I also advise companies on strategic investments, joint ventures, merger & acquisitions. I expertise in drafting variety of commercial contracts. I also advise telecom, technology, and e-commerce entities on their regulatory aspects, including wireless technology, Other Service Provider (OSP) regulations for IT and ITeS entities, licensing, and regulatory aspects of STPI including privacy and data protection laws. I have advised on the aspects of safety and certification, environment protection and waste disposal, energy efficiency, product labelling and packaging laws for electronic and other products.
I have strong expertise in the field of intellectual property laws, drafting and filing trademarks, copyrights applications including infringement prosecution.
Host: The pandemic saw the courts begin to move towards remote proceedings and availability. Is this sustainable, and a feasible way to increase access to justice, in your opinion?
Gaurav: The outbreak of COVID-19 pandemic in early 2020 forced legal services to shift to online operations in a matter of weeks. The digital transformation was being slowly implemented under various projects of the Indian Government. However, the pandemic outbreak fast forwarded this transformation and we saw court filings, proceedings and even client meetings happening through video conferencing platforms. This is a positive change as all the activities which were done physically could be handled remotely while operating through WFH albeit with few hiccups initially. The necessity is the mother of invention, and everyone found their way with the technology swiftly.
No doubt this is certainly a sustainable model as the technology enabled all the lawyers appear before the courts remotely while sitting in the comfort of their homes, home-offices, and offices. The transformation to online hearing platforms not only helped speed up the justice system but also access to the judicial adjudication. We could appear in most of the courts across India within few minutes. The clients did not need to take the services of local lawyers, could bank upon the lawyers known to them and everything was handled remotely. This reduced the cost associated to litigation and saved lot of time which we all lawyers are made to waste traveling to multiple courts and waiting for the hearings.
I believe that online model of working through use of efficient technology will be the future and should be promoted.
4. How would you rate the current legal system drive towards encouraging access to justice? Is there tangible movement in closing the justice gap?
Gaurav: The current legal system has transformed swiftly to the digital mode however, overhaul of the legal system is the need of the hour. Firstly, we need to move towards compulsory mediation, which is currently applicable in commercial matters. This will reduce the adjudication pressure on the already overburdened courts. Secondly, we need better infrastructure in terms of technology, availability of better physical infrastructure and working conditions in the courts, etc. Thirdly, we need to convert all the courts around the country into digital/ online hybrid courts for all miscellaneous hearings with the exception to evidence and cross-examination. Fourthly, it is important that redundant procedures should be done away with so that the judicial process may be speeded up. The above four aspects will be a great leap towards closing the justice gap.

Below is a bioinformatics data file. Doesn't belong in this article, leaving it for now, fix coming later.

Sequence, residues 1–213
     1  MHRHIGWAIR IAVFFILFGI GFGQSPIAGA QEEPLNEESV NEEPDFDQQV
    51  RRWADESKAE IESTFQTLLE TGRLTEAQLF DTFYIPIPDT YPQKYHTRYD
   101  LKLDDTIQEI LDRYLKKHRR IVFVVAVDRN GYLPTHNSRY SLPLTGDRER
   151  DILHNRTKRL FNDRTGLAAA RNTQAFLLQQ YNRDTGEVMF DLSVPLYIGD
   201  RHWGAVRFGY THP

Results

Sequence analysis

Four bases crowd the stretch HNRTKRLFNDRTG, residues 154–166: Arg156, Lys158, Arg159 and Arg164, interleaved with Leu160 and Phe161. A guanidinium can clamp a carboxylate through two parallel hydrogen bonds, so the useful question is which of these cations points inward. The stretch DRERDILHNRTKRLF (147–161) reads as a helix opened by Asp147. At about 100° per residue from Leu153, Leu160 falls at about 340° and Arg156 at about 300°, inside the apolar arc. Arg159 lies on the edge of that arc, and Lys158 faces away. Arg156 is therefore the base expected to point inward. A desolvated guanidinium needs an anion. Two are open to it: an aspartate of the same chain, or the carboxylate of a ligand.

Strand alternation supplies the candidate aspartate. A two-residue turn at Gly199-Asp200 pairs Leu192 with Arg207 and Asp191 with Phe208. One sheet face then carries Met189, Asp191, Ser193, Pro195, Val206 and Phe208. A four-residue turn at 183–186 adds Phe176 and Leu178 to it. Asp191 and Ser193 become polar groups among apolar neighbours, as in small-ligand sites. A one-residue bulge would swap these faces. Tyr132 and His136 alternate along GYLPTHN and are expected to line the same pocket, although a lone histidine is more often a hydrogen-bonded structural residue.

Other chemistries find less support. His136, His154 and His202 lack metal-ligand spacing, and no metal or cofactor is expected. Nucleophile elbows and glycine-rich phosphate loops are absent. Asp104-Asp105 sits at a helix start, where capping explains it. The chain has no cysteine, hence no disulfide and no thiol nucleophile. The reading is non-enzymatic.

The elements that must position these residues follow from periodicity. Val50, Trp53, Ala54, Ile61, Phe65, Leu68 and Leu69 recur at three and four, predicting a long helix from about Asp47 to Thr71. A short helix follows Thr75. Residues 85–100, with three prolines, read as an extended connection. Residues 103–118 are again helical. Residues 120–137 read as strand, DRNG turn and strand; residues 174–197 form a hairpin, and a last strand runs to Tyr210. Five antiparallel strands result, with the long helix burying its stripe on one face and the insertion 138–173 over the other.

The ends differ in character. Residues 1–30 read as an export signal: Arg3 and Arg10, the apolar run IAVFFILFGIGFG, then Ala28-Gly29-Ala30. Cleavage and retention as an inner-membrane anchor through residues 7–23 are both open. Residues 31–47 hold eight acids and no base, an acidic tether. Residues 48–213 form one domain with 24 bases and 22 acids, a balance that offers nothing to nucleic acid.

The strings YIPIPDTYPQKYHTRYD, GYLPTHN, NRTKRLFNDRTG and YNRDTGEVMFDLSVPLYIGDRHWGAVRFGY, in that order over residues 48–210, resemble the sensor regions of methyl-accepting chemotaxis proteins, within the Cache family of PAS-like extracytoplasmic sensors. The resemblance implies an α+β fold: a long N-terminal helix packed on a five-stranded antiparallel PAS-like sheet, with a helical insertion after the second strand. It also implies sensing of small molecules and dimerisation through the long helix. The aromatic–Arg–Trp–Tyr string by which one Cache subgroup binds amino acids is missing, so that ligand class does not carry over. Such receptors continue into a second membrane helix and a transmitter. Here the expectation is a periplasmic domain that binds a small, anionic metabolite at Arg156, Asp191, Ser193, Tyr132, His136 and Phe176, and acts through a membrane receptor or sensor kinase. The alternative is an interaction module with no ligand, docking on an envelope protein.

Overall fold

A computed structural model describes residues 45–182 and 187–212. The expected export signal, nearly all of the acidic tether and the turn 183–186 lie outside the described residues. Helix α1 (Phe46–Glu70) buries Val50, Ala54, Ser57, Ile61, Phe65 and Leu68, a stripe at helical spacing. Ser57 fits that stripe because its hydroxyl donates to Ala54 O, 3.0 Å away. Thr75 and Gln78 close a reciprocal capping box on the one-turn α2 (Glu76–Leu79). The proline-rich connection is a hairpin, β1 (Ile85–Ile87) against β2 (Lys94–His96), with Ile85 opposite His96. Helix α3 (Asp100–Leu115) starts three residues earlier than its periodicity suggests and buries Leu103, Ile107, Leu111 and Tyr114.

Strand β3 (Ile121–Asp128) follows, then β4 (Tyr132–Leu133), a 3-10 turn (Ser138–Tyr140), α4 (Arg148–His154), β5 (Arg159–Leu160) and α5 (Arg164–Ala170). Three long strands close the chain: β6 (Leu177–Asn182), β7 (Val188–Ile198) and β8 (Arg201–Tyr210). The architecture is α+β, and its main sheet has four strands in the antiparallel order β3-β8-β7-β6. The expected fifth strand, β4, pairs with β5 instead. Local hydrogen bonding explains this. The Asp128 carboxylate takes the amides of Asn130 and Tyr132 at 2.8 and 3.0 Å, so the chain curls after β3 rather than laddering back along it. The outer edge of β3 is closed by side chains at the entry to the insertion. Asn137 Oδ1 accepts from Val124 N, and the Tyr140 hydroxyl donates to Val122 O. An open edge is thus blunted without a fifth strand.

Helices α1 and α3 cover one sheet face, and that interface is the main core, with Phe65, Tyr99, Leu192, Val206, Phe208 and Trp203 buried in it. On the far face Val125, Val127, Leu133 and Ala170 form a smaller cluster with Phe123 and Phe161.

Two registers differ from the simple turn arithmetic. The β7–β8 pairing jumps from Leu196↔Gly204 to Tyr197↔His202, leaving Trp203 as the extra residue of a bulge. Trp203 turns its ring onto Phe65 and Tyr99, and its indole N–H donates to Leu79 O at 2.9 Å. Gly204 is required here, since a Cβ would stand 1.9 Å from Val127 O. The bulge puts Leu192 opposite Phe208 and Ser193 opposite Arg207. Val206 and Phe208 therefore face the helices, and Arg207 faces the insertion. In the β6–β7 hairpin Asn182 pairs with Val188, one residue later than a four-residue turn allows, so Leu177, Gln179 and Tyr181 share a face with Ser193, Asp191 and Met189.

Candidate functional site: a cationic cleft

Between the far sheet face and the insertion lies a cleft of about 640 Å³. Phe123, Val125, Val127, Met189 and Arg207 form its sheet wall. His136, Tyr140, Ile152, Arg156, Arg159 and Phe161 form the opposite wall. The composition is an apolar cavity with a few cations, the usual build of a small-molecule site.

On the non-contentious side, use of technology such as AI and Machine Learning will make things faster and affordable. Use of technology, implementation of smart contracts for efficiency is the need. I guess a lot of right kind of affordable technology needs to be developed.
5. In the era of legal technology, what are the most common tools used by you?
Gaurav: Over almost two decades of law practice, I have gathered strong skills in drafting corporate documents, agreements, suits, petitions, applications, and various other documents for legal purposes. Hence, my skills are my most common and effective tool. As far as legal research is concerned, the law firm has implemented various licensed technology assisted researching tools such as Supreme Court Cases Online, Manupatra, etc. for efficiency and quality. The law firm also has licensed technology infrastructure for executing legal work.
6. Time is money in the legal profession. How do you ensure to make the best of you time as a lawyer?
Gaurav: Most of my time gets utilized in drafting and advising clients of the law firm. We have a professional work culture within the law firm with flexibility of working hours. The focus is on execution and quality output within the given timelines.